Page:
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#BizTrends2019: The Good Life: South Africans seek quality travel experiences
1. Work/life balance
The results of the survey show that South Africans struggle to relax and disconnect from work and social media while away on holiday, and significantly more so than our global counterparts.
Sixty-seven per cent of respondents felt guilty about staying on top of their e-mails, much higher than other markets. 63% felt guilty if they did not visit all the sites, compared with only 39% of Britons, 49% of US travellers and 43% of respondents from Australia. Not only do we feel guilty being separated from work and our mobile devices, but that we are not doing a ‘good job’ of being on holiday!
Research firm GlobalData has projected family travel sales will increase 25% by 2022. Travelling presents a valuable opportunity for families to connect and, already, our bookings reflect this.
Active and wellness travel is another growing market, while 93% of respondents said travel had positively impacted their lives, given them distance from their routines and a chance to relax.
2. Obsession with social media
Interestingly, the South African traveller’s relationship with social media is even more significant than the rest of the world’s, based on our research findings.
At least 54% indicated they spent "extensive hours" on online research and holiday planning; 67% check social media while on holiday; and 65% post pictures. The numbers are considerably higher than in other countries including the UK and the US.
3. The search for authenticity
‘Authentic experiences’ has been a buzzword of late but many travellers are sceptical. True, immersive experiences are even more important to South Africans who, more so than other markets, want to see the real culture of a country, connect with the locals and are much keener on attending local experiences and festivals than travellers from other markets.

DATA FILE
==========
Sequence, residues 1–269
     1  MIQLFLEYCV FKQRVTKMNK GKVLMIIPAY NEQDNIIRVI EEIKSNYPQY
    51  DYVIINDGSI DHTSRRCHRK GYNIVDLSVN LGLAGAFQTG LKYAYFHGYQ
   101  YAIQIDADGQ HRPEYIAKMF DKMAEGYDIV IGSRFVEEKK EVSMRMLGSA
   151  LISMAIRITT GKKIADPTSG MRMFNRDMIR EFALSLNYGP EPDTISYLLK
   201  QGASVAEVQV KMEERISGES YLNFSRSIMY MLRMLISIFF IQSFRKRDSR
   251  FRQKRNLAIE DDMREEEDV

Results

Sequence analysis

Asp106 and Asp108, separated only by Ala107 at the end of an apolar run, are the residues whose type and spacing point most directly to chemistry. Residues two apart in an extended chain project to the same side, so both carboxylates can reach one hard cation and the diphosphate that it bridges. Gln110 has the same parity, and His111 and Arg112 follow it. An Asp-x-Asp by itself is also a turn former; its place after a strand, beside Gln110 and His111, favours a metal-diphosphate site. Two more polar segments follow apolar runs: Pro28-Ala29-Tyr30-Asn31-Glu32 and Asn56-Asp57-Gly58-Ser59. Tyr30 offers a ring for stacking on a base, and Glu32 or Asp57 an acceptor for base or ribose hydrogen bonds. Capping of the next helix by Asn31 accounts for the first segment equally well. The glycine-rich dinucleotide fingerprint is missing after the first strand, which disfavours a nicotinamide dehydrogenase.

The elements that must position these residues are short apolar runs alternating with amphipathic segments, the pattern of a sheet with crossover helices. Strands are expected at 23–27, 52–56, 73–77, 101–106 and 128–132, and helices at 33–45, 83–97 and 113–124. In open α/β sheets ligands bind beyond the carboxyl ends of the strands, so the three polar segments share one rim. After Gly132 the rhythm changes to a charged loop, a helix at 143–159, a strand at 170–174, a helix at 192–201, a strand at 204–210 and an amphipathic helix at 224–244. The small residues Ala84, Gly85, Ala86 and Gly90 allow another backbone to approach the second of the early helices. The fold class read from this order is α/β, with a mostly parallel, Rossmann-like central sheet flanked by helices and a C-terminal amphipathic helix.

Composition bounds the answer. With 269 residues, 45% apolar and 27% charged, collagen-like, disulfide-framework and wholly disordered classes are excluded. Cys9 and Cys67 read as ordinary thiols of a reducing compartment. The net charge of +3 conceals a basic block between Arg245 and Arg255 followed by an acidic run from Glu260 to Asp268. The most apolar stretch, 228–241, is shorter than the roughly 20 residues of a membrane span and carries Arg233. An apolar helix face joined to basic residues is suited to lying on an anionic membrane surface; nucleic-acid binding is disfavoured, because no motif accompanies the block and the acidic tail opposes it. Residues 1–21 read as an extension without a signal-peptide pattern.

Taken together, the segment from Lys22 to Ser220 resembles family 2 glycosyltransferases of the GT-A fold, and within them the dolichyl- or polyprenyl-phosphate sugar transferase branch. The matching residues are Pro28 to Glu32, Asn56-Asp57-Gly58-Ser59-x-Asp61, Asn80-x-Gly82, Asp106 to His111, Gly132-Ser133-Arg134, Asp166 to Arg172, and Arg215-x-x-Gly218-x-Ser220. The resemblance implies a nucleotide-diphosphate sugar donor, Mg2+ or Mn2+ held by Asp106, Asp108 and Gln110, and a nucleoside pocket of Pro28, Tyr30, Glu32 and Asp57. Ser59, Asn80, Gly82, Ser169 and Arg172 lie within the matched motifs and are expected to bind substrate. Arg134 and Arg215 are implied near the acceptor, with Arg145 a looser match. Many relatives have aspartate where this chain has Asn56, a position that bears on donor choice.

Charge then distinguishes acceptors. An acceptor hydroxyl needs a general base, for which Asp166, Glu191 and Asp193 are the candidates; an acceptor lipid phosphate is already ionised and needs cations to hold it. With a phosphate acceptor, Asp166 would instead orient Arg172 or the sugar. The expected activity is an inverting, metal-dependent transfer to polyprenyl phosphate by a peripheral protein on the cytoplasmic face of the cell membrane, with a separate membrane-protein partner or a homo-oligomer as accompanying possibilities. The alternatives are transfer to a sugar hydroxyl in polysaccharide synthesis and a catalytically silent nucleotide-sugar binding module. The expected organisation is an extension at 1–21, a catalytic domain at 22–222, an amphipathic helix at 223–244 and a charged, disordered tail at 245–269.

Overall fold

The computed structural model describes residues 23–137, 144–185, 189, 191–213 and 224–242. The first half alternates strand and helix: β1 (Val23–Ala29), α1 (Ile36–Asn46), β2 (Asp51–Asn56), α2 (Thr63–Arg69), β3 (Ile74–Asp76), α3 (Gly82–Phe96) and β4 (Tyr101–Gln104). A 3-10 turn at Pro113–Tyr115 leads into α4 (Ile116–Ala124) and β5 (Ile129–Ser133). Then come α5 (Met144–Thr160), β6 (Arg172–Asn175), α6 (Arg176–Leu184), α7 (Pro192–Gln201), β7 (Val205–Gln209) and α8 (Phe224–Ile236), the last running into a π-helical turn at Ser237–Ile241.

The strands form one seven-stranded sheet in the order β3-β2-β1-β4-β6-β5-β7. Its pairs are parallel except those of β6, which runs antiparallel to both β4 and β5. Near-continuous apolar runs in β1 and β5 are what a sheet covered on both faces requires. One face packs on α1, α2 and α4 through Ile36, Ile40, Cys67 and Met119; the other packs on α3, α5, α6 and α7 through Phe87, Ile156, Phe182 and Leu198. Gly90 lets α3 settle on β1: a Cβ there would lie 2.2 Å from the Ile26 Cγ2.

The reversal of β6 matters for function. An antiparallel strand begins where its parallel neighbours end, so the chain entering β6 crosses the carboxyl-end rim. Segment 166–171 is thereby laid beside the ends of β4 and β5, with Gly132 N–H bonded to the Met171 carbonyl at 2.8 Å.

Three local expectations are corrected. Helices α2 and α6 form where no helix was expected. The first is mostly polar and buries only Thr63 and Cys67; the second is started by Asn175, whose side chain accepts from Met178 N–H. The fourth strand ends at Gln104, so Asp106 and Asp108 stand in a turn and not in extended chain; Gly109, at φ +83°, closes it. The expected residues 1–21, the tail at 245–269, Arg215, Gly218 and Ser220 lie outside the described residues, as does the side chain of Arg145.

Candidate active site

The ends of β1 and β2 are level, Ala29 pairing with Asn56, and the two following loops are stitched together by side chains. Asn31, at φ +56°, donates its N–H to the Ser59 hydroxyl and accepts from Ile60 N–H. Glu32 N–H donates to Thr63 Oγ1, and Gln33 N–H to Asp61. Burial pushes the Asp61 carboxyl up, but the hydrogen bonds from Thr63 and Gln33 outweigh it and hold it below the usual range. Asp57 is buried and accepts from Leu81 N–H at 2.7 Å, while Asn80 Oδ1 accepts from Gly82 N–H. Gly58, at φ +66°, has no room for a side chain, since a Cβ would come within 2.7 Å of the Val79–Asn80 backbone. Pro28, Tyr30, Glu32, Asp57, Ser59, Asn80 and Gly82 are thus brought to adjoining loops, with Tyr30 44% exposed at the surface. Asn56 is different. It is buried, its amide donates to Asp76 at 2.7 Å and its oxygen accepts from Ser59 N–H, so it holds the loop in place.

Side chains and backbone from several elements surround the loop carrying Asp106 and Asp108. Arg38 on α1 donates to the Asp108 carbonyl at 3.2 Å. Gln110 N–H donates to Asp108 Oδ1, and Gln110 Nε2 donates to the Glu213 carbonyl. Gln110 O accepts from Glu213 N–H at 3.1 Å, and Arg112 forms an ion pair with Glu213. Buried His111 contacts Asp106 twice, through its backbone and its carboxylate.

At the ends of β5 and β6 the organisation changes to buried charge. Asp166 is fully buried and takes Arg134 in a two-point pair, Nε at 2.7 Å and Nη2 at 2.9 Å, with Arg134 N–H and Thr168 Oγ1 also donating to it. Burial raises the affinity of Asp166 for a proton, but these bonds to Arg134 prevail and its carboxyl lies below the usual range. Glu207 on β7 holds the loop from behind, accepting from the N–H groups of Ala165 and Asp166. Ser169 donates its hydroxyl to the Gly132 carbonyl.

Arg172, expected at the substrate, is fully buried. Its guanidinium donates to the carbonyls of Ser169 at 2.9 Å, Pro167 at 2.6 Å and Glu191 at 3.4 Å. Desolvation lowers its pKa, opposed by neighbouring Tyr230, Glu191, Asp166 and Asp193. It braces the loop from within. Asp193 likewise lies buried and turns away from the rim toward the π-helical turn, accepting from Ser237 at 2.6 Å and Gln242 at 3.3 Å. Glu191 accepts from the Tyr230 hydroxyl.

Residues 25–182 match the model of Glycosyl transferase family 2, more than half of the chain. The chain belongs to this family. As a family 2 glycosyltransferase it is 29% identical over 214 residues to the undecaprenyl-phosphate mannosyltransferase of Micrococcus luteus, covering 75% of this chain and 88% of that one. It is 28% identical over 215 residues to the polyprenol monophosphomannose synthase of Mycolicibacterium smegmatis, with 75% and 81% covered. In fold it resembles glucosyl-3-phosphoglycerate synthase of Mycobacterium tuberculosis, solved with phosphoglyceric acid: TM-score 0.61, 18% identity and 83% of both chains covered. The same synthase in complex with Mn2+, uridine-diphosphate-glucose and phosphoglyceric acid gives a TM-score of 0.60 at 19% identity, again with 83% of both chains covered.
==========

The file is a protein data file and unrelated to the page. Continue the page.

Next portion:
©epicstockmedia via 123RF
For example, Trafalgar provides travellers with the opportunity to connect with locals in a way they would find challenging to arrange if travelling independently. Be My Guest dinners lets groups dine with local families, while Dive into Culture highlights hidden local gems. Stays with Stories lets travellers engage with the people at their accommodation. These are truly authentic experiences.
4. The rise of Africa
For the first time in its 72 years, Trafalgar launched ten tours to nine countries in Africa this year.
The family that owns The Travel Corporation is originally from South Africa, and we are expecting good sales growth in international markets in 2019. For locals who may not wish to travel overseas, a Trafalgar guided holiday on one of our trips within South Africa or greater Africa may be a very enticing alternative, especially while the rate of exchange is so weak.
Mass and over tourism concerns have escalated in 2018, and travellers are increasingly conscious of sustainability and are looking for sustainable choices and ethical operators. Travel companies have a responsibility to the planet and their travellers.
The TreadRight Foundation is a non-profit organisation and joint initiative between The Travel Corporation’s family of brands, established ten years ago to encourage sustainable tourism through conservation, support and leadership for communities. We are very conscious of our footprint on the world.
Personalisation has become a buzzword in the travel industry with the rise of the digital age. As travel businesses, we are increasingly challenged to build a personal connection with the consumer or risk losing them to businesses that do.
Teresa Richardson 13 Dec 2018